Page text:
Stephen Hawking had very, very good banter it has emerged in tributes following the news of his death aged 76.
The theoretical physicist died peacefully at his home in Cambridge in the early hours of the morning.
He was known for his work on black holes and relativity, penning the groundbreaking A Brief History Of Time in 1988.
But, as proven delightfully today, Hawking also had a strong passion for quality bants. On one occasion, he threw a party for time travellers just to prove it was all BS.
In 2009, Hawking hosted a dinner at the University of Cambridge in which the invitations weren’t sent out until the reception had finished. If people could travel back in time, surely they’d be able to attend, oui?
Well, they didn’t, cause y’know, time travel isn’t a real thing… just yet anyway.
NBC reported Hawking told the Seattle Science Festival in 2012:
I have experimental evidence that time travel is not possible. I gave a party for time-travellers, but I didn’t send out the invitations until after the party. I sat there for a long time, but no one came.
Hawking defied medical opinion, despite suffering from a form motor neurone disease known as amyotrophic lateral sclerosis (ALS).
When the theoretical physicist, cosmologist and author was diagnosed in 1963, doctors gave him just two years to live.
His children Lucy, Robert and Tim said in a statement:
We are deeply saddened that our beloved father passed away today.
He was a great scientist and an extraordinary man whose work and legacy will live on for many years.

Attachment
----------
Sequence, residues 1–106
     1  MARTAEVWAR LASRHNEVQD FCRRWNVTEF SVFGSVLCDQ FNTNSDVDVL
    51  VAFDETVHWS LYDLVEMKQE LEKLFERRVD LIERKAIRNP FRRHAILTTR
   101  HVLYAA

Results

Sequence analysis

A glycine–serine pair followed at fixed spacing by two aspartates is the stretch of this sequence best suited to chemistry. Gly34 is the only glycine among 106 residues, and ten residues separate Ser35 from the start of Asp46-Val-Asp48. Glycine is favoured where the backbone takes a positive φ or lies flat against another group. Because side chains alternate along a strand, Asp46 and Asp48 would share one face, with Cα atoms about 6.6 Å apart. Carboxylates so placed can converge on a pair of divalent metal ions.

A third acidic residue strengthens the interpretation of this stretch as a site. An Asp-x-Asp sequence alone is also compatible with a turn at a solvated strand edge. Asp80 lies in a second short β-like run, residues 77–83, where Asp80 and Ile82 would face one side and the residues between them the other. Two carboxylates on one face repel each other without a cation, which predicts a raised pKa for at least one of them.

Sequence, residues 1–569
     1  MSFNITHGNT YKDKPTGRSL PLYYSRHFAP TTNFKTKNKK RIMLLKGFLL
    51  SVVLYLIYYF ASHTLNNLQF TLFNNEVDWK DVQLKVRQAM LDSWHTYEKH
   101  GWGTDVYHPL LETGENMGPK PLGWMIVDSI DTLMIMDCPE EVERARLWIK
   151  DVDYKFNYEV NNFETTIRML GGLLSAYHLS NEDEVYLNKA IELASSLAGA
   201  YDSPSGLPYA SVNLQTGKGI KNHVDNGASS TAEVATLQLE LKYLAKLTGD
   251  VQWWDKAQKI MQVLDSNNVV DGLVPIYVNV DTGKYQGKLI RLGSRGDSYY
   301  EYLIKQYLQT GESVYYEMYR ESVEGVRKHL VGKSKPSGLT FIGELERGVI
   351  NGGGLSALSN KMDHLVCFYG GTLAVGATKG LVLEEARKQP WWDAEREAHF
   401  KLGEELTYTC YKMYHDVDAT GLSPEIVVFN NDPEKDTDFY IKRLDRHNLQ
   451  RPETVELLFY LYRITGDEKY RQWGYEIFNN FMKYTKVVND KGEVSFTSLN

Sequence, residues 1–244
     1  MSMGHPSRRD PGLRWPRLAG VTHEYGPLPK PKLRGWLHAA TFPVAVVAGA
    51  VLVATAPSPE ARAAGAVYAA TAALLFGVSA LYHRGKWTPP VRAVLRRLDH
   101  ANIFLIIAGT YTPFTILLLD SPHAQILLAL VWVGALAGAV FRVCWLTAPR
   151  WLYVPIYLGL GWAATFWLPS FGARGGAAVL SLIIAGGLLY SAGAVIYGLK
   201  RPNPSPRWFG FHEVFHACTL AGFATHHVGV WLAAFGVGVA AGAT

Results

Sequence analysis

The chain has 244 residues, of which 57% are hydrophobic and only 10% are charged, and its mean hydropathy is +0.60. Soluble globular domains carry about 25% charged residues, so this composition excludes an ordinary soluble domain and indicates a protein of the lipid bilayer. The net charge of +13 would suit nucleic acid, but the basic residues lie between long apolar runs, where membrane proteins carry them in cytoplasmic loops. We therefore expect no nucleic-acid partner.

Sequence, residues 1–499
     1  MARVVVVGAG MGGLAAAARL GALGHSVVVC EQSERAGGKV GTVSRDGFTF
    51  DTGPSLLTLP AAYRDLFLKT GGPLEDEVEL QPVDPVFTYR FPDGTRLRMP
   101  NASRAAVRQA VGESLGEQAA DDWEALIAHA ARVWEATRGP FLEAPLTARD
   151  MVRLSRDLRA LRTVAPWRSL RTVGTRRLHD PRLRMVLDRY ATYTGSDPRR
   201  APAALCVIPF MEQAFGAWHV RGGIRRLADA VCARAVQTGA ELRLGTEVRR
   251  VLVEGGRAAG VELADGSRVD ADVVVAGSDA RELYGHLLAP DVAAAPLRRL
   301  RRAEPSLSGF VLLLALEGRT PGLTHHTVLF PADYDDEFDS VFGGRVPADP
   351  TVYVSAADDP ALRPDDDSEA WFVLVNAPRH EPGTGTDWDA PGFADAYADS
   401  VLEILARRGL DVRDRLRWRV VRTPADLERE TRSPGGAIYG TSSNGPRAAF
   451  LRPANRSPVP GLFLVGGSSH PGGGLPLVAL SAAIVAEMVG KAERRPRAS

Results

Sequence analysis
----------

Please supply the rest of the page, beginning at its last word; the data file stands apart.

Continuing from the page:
His courage and persistence with his brilliance and humour inspired people across the world.
He once said, ‘It would not be much of a universe if it wasn’t home to the people you love.’
We will miss him forever.
Leo McCluskey, an associate professor of neurology and medical director of the ALS Centre at the University of Pennsylvania, told Scientific American:
One thing that is highlighted by this man’s course is that this is an incredibly variable disorder in many ways. On average people live two to three years after diagnosis.
But that means that half the people live longer, and there are people who live for a long, long time. Life expectancy turns on two things: the motor neurons running the diaphragm—the breathing muscles. So the common way people die is of respiratory failure.
And the other thing is the deterioration of swallowing muscles, and that can lead to malnutrition and dehydration.
If you don’t have these two things, you could potentially live for a long time—even though you’re getting worse. What’s happened to him is just astounding. He’s certainly an outlier.
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The ALS Association aims to discover treatments and a cure for ALS and to serve, advocate for and empower, people affected by ALS to live their lives to the fullest. You can donate here.
Rest in Power, Stephen.